Sony BMG's "rootkit" copy protection technology may affect Macs -- and the software can also be exploited by malicious hackers, reports claim.
MacInTouch reports claims by a reader who recently purchased a Sony BMG CD. The reader found that the CD installs a Mac application, "Start.app" which itself installs two files: PhoenixNub1.kext and PhoenixNub12.kext.
This is not the same software as is currently causing such a furor against Sony BMG. The Register claims: "It's a Mac version of SunnComm's DRM software, MediaMax, which Sony BMG uses to copy-protect a range of CDs."
Sony BMG faces consumer backlash
The label's aggressive attempt to protect what it construes as its rights has driven consumers to turn to the courts to protect their own. The company already faces a class-action lawsuit in California, another in New York and possible legal action in Italy.
The California suit claims Sony BMG broke three state laws -- the Consumer Legal Remedies Act, the Consumer Protection against Computer Spyware Act, and the California Unfair Competition law. It wants the court to stop Sony BMG selling any more CDs using the technology, and seeks compensation for damage done.
The filing also accuses the company of not fully disclosing the extent of what the software does. A report on Gamespot claims the software has the effect of disabling the CD player on a computer if a user tries to uninstall the cloaked software.
Virus-writers exploit the error
Woes continue for the combined record label while the merger between Sony and BMG is protested against in the European courts on the grounds that it threatens competition and consumers.
Computer security experts across the world are this morning reporting that a new piece of malware, in this case a Trojan Horse, is exploiting Sony's software and is contained in an email that purports to be a message from a business magazine.
Sophos reports this message says: "Your photograph was forwarded to us as part of an article we are publishing for our December edition of Total Business Monthly. Can you check over the format and get back to us with your approval or any changes? If the picture is not to your liking then please send a preferred one. We have attached the photo with the article here."
Sophos has issued a tool which will detect the existence of Sony's DRM copy-protection on Windows computers, disable its "cloaking" function, and prevent that functionality from re-installing. The tool also detects versions of the Troj/Stinx Trojan horse which exploit the Sony vulnerability.
Sony BMG eases malware-writers task
Antivirus firm Trend Micro also warned against the risk of the Sony BMG rootkit software. Chief technologist Raimund Genes said: "The issue is less about the Trojan than it is about the underlying rootkit technology utilized by it. This is because the rootkit is a 'kernel-mode' program, which can be used for more dramatic malicious purposes than can 'user-mode' programs."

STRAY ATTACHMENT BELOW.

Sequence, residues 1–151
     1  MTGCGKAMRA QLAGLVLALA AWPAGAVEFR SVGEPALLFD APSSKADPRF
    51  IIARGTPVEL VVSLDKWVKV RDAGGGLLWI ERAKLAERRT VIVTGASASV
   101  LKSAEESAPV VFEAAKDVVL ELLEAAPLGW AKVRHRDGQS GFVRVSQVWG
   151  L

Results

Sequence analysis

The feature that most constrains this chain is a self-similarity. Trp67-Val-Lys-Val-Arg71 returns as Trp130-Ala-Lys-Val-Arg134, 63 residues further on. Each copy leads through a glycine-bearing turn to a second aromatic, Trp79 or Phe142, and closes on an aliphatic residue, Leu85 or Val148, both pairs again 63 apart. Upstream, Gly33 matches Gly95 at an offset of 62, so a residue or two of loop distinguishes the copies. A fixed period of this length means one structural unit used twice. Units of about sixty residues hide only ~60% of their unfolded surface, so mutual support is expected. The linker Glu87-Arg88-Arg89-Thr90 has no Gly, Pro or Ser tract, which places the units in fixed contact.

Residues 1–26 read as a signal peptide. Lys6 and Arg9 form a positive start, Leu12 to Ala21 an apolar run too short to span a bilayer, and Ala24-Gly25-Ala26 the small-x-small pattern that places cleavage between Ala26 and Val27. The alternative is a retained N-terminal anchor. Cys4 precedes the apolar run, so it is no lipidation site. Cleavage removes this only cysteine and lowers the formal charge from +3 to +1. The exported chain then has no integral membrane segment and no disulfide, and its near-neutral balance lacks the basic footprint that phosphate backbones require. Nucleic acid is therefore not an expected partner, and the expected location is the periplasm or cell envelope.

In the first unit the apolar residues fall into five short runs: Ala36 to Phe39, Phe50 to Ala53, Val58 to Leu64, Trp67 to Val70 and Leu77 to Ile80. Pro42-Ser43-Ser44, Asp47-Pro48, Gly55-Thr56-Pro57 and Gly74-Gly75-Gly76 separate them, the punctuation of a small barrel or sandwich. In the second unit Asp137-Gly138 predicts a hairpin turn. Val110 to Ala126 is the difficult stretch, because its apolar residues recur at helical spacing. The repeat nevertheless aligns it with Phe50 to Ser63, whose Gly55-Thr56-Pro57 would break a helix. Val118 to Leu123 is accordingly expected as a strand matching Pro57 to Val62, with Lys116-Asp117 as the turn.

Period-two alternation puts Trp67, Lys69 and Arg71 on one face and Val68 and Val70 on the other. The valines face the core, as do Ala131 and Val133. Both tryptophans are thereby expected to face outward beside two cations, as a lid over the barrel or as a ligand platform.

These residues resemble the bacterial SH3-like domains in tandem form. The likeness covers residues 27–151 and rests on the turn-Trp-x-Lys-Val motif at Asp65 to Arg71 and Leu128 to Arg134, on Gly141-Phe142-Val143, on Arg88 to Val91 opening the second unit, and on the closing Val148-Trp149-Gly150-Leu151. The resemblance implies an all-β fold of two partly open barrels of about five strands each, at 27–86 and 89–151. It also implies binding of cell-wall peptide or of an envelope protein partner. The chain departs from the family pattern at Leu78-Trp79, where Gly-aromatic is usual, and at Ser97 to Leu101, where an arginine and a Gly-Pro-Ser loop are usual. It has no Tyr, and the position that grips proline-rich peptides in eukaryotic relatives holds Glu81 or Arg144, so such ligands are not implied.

"We don't blame Sony for attempting to exercise its right to manage its digital property" he said. "However, what's important to understand is that this technology can now be used by malicious malware writers to hide and spread their creations. These writers include those who might not know how to write their own rootkits - but now they don't have to."
Sony BMG seems determined to transform the affair into a complete PR disaster.
Ovum declares scheme "unacceptable"
Ovum analyst Graham Titterington reports that Thomas Hesse, the president of SonyBMG's global digital business division, said in an interview on radio station NPR: "Most people don't even know what a rootkit is, so why should they care about it?".
"The entertainment industry must sort out the limits on how far it can go to protect its copyright material. It is totally unacceptable that it is laying its customers open to identity theft as the price of protecting its royalty revenues," he writes.
Consumer advocates demand music-lover rights
The activity takes place during the same week as European consumer rights advocates launch a campaign demanding that consumer rights in the digital age be defined and protected.
The campaign launched yesterday with a press conference at the European Parliament. The groups want to draw attention to the way consumers: "Are treated as criminals and pirates for person-to-person file sharing and downloads."
"We believe it is high time to guarantee consumers certain basic rights in the digital world and to tell them what they can do with their digital hardware and content," the groups said.